Tuesday, February 26, 2013


Because of the health dangers of BPA in plastic and of substitute chemicals used in BPA free plastics, I -like many other moms- have turned to melamine as a safer alternative when buying plates and cups for my toddler.  I have even have given them away as birthday favors!

I try to use ceramic and glass when he is sitting at the table but when he was younger and enjoyed throwing his plate on the floor from his high chair, it was a bit risky.  Even now, I prefer to give him  melamine cup than a glass one or a plastic one to have around the house.

A new study from Taiwan, however, has me thinking twice before using my son’s pirate melamine tableware.   

 In the new study, two groups of healthy young adults were asked to eat hot noodle soup from bowls; one group used bowls made with melamine resin and the other group used ceramic bowls.   A couple of weeks later the 2 groups switched bowls. The study found that the group using  the melamine bowls had higher levels of the chemical in their urine, and remained high for up to 12 hours.

Being a small study, the researchers did not probe further and look at wether the higher urine levels would lead to any long-term medical problems or if participants' bodies were storing any of the chemical.  Undoubtedly, the study does raise questions about  what the consequences of long term melamine exposure might be.   


At very high dosis, melamine has been associated with kidney stones and renal failure in small animals and infants. Most melamine dinnerware contains small amounts of formaldehyde, a potent carcinogen.

Infants are particularly vulnerable to the chemical since they have very low kidneys functions to begin with.   as you might remember, in 2008, large doses of melamine were found is baby formula in China and resulted in  six baby deaths and over 50,000 thousands sick infants with kidney damage.  

The good news is that the amount of melamine that was found to leech from melamine plates in the Taiwanese study seems low and most probably will cause no ill effects on our children’s health.  the bad news? No studies have been made about the long term implications of being exposed to small amounts of melamine over a long period of time ... so if you are going to continue using melamine plates and cups, using them CORRECTLY is probably a safe bet.


Not necessarily... just make sure you are using it correctly. 

You can continue to use your melamine plates and cups, however avoid exposing it to high temperatures
  • do not microwave melamine tableware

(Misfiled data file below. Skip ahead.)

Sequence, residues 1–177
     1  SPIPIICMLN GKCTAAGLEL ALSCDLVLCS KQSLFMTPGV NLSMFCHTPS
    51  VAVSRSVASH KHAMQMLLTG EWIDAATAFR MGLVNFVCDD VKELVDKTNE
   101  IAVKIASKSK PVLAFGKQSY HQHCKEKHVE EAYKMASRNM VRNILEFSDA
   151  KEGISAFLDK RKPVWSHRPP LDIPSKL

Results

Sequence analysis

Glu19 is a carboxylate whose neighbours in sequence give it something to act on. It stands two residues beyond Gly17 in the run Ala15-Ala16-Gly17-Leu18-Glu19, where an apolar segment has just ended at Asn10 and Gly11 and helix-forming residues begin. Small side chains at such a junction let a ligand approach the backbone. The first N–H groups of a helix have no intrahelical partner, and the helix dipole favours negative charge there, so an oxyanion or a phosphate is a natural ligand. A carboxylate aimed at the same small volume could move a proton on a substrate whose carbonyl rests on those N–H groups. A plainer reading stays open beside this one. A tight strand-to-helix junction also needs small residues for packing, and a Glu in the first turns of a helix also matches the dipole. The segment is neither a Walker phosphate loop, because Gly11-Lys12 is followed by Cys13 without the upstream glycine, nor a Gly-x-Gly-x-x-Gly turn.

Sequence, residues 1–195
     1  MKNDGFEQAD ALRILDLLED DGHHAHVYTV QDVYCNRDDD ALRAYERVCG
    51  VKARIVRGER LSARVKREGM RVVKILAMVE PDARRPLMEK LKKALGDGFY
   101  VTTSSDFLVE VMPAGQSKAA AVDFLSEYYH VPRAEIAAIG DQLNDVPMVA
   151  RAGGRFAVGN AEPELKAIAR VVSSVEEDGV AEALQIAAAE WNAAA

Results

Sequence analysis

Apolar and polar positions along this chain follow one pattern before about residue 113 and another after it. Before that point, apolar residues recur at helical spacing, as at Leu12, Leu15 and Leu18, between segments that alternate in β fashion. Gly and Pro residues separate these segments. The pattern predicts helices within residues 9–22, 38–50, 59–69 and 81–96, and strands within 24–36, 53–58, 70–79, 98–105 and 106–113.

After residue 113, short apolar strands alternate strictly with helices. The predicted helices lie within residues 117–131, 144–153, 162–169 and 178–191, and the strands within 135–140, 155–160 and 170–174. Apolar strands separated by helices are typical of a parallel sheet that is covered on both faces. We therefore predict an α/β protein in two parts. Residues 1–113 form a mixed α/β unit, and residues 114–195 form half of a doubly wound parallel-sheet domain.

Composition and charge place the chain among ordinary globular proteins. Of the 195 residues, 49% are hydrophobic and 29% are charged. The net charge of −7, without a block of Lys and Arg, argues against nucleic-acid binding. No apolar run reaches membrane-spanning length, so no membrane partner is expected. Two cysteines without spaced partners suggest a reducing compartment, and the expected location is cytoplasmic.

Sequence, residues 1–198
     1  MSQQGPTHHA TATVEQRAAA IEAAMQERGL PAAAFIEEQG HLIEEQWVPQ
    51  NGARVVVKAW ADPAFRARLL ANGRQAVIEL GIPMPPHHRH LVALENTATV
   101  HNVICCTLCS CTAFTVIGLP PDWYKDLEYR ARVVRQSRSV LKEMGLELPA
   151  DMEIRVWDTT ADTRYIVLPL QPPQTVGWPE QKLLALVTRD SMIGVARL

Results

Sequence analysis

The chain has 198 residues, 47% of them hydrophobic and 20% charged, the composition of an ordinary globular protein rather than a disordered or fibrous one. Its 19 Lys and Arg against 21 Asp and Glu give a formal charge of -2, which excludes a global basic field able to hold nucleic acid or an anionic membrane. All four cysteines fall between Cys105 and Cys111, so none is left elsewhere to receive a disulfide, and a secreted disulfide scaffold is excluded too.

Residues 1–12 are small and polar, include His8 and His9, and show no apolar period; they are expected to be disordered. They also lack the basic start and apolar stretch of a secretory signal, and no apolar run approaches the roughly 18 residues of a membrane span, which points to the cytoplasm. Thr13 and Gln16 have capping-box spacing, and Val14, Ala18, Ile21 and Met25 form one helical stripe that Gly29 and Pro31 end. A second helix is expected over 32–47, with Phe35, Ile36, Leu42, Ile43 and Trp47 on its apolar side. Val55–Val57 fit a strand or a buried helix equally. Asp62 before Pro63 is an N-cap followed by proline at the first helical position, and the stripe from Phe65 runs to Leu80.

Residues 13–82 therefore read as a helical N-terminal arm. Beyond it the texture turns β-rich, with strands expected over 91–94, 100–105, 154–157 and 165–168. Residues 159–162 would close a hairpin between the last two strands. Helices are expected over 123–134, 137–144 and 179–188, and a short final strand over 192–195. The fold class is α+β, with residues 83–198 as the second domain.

• do not wash in dishwashing machines at high temperatures
  • Opt to serve  cold foods in them (ie: cereal, sandwiches, etc).    When serving hot meals (like soup, pasta, fish or anything coming straight from the oven or stovetop) opt for a ceramic or glass bowl or plate.  If you dont trust your tot with a ceramic or glass bowl buy a silicon sleeve like the one that Boon sells to protect your bowl.
  • melamine may also leach out of tableware if the food or drink is especially acidic so try to avoid orange juice and such
  • Finally, if scratched or damaged, toss it out

Tuesday, February 19, 2013


One of my readers recently asked me what I thought about the new non-stick technology that is promising to replace Teflon in the cooking world. 

Teflon pans are usually one of the first things I suggest you get rid of at home.... But they are also one of the hardest things to get people to stop using! 

I know people who cook their (expensive) organic food in Teflon pans, not realizing that they are pretty much eating up a toxic meals thanks to the Teflon from their pans.

Why is it so hard to stop using nonstick Teflon pans? Well, the reality is that they work really well and the alternative (at first) is usually very messy and sticky! I get it.... and would probably let it slide and leave my friends or clients with their teflon pans, since my philosophy is to make small changes in your life and not to live in a nontoxic bubble, BUT here is the thing; teflon is really bad. So bad that the chemical company that makes it has been forced to "eliminate the need to make, buy or use PFOA by 2015." 

When talking about the dangers of Teflon, we are referring to the chemical that gives it its slippery non-stick property;  Perfluorooctanoic acid (PFOA).   PFOA is present in trace amounts in up to 98% of Americans.  It is not only used in Teflon coated non-stick pans but also in products that claim to be stain and grease proof like furniture, carpet, clothing and food packaging (like Stainmaster fabric protection).